No one can master everything, not even the people who are experts in their field. The solution lies in putting together a team and using each team member’s strengths — including yours.
4 Tips To Keep In Mind
Here are four key tips to keep in mind as a long-distance caregiver:
1. As much as possible, involve the one who needs care in any decision-making process, especially issues related to care and housing. Be sure to listen to his or her preferences and respect your parent’s known values, even when these differ from yours. Instructions to paid caregivers should be in writing.
2. Learn what kind of help is available. Educate yourself on the care and services in the area. Similar kinds of services are found throughout the U.S. (e.g. adult day care, home care, case management, etc.). Eldercare Locator at 800- 677-1116 can direct you to the Area Agency on Aging appropriate for your parent(s). FCA’s Family Care Navigator offers a state-by-state searchable database to help you locate help in your state.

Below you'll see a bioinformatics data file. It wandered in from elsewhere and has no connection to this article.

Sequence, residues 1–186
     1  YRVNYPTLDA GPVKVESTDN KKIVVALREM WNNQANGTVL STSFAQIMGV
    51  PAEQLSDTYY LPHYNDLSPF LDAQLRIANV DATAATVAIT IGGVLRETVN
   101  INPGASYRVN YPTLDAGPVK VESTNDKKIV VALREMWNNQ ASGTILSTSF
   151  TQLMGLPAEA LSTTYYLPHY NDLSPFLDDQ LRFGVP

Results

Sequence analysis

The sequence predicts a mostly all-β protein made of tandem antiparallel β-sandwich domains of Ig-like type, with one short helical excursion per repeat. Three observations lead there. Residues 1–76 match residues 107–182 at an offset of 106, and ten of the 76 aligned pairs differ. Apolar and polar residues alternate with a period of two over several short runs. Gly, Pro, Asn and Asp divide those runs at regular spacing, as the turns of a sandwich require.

3. Remember to take care of yourself. Caregiving can be stressful, so create a support network for yourself. Talk with friends and family. Allow yourself to hire help or involve other family members. Trying to do it all alone is not healthy for you or your loved one.
4. Understand that care needs will change over time. It’s not too early to think about possible future needs. Once you locate resources, speak to a social worker who has experience in planning for eldercare. There are many options to be considered, and you’ll want to make informed, well-thought-out decisions about your parent’s care.
The sudden realization of your new role as a caregiver is likely to be stressful. How can you be a caring daughter or son and the coordinator of a multitude of tasks required when taking on the day-to-day responsibilities of a loved one? You may feel overwhelmed and isolated.